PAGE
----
Thanks to Black Friday sales, I have upgraded my phone to a Google Pixel 7. My primary motivation was its camera, because most of the photographs posted to this blog were taken with my cell phone (Pixel 5a) camera. Even though I have a good Canon camera, I’ve rarely pulled it out because the cell phone photos have been good enough for use here. By upgrading to the Pixel 7, I hope to narrow the gap between the phone camera and a real Canon. So far it has been a great advancement on many fronts. There are other phone camera review sites out there for all the details, but I wanted to point out one trait worse than my Pixel 5a. It is specific to the kind of photos I take for this blog and not usually covered by photography reviews: with close-up shots, the image quality quickly degrades as we move off-axis.
I took this picture of an Adafruit Circuit Playground Express with the Pixel 7 roughly fifteen centimeters (~6 inches) away. This was about as close as the Pixel 7 camera was willing to focus.
The detail captured in the center of the image is amazing!
But as we get to the edges, clarity drops off a cliff. My Pixel 5a camera’s quality also dropped off as we moved off-axis, but not this quickly and not this badly.
For comparison, I took another picture with the same parameters. But this time, that GND pad is the center of the image.
Everything is sharp and crisp. We can even see the circuit board texture inside the metal plated hole.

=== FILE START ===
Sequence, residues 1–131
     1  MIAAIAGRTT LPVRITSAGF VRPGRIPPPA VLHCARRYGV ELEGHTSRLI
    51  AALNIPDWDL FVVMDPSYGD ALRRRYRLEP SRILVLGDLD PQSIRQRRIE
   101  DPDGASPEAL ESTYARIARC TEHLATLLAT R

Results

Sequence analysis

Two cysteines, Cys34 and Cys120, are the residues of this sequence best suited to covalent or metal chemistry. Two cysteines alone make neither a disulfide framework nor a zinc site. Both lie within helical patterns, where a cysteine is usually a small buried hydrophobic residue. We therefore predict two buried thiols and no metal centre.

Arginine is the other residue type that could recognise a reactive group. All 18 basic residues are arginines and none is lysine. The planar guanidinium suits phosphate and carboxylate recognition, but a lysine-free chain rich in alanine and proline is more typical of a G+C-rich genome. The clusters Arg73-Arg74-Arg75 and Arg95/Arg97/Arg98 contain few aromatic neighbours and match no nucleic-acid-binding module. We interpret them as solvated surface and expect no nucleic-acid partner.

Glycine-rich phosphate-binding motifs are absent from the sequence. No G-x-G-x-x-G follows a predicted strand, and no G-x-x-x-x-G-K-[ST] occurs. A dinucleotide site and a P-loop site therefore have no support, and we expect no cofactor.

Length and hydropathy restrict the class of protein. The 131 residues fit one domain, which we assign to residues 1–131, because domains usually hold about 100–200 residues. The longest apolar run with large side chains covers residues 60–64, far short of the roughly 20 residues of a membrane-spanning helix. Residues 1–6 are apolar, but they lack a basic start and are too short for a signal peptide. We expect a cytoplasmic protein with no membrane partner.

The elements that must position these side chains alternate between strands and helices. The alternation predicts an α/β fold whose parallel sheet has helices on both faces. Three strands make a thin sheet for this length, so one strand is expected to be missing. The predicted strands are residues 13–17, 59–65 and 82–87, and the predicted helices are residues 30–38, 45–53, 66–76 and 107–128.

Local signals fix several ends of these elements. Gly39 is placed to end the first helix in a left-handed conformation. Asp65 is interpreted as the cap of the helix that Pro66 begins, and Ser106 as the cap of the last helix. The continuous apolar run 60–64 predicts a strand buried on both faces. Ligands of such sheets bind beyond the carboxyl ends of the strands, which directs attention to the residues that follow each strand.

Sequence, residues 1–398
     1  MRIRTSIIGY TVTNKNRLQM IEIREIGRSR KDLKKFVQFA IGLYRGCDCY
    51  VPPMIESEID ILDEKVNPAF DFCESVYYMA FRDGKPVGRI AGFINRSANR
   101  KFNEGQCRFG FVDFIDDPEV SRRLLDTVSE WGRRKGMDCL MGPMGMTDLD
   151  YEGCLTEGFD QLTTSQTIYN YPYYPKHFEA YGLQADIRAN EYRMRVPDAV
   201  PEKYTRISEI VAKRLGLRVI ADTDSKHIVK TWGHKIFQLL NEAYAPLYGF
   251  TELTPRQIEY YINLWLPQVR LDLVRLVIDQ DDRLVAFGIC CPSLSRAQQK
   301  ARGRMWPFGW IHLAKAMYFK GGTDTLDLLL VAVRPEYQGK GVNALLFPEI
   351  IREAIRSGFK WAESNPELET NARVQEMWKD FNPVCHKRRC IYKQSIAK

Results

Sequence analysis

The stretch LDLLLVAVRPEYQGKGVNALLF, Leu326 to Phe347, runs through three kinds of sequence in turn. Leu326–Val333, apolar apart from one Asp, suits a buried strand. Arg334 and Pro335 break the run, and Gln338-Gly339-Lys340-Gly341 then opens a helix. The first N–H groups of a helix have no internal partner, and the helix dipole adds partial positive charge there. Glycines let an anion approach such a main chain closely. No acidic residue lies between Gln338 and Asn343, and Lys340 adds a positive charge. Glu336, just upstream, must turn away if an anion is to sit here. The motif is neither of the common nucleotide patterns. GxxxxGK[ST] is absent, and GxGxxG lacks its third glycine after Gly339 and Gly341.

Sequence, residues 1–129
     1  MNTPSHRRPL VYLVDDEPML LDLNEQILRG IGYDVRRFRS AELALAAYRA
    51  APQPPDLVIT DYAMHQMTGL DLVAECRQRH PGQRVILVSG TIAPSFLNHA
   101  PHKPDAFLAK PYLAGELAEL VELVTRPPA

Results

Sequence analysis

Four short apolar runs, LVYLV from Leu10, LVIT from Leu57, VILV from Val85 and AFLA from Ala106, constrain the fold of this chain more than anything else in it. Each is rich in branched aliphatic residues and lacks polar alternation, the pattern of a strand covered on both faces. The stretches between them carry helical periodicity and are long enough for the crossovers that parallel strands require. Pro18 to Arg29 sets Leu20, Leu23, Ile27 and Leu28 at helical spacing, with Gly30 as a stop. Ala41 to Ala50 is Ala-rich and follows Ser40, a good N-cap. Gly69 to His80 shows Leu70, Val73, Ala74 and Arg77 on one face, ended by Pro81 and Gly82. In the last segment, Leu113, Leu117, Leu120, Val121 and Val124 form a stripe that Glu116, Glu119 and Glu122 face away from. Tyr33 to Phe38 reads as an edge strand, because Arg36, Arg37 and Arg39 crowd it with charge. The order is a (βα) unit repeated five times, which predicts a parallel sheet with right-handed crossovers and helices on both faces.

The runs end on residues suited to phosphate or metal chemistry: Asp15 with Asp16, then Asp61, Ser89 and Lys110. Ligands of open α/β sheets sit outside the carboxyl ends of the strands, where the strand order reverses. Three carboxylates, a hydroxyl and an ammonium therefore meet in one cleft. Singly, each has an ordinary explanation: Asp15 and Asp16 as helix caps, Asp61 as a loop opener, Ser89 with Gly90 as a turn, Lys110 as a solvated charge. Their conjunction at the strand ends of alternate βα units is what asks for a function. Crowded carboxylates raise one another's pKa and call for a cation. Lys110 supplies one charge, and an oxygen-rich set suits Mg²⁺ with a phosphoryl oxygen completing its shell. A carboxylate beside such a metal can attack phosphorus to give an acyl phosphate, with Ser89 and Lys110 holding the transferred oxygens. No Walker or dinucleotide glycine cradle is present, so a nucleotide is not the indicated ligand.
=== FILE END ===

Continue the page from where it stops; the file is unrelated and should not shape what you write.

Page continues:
Here are the two examples side by side. I hypothesize this behavior is a consequence of design tradeoffs for a camera lens small enough to fit within a cell phone. This particular usage scenario is not common, so I’m not surprised if it was de-emphasized in favor of other camera improvements. For my purposes I would love to have a macro lens on my phone, but I know I’m in the minority so I’m not holding my breath for that to happen.
In the meantime, I could mitigate this effect by taking the picture from further away. This keeps more of the subject in a narrow angle from the main axis, reducing the off-axis blur. I would sacrifice some detail, but I still expect the quality to be good enough for this blog. And if I need to capture close-up detail, I will have to keep this off-axis blur in mind when I compose the photo. I would love a sharp close-up photo from frame to frame, but I think I can work with this. And everything else about this Pixel 7 camera is better than the Pixel 5a camera, so it’s all good!